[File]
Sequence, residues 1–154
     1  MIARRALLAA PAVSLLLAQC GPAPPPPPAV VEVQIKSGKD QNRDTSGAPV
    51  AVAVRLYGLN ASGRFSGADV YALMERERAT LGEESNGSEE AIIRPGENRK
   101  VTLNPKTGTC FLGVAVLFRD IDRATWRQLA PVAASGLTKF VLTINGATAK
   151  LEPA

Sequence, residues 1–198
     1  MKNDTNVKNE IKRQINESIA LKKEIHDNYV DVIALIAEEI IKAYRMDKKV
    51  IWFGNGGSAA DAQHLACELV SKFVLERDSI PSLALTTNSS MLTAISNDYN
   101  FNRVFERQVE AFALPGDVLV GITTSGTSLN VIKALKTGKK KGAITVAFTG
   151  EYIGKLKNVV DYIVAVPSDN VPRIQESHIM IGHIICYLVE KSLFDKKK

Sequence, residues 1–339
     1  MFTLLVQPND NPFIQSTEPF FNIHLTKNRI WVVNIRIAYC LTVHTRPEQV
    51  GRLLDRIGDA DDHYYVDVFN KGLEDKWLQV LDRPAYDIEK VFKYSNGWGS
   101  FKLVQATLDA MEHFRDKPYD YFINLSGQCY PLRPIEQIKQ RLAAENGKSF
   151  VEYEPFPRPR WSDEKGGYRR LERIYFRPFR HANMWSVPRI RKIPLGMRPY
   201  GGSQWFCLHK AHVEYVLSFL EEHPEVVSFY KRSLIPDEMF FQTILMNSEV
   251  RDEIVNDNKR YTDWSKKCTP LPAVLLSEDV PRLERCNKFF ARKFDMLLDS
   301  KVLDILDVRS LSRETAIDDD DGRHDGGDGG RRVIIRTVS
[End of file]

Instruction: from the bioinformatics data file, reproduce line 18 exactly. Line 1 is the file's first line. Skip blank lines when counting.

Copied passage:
   301  KVLDILDVRS LSRETAIDDD DGRHDGGDGG RRVIIRTVS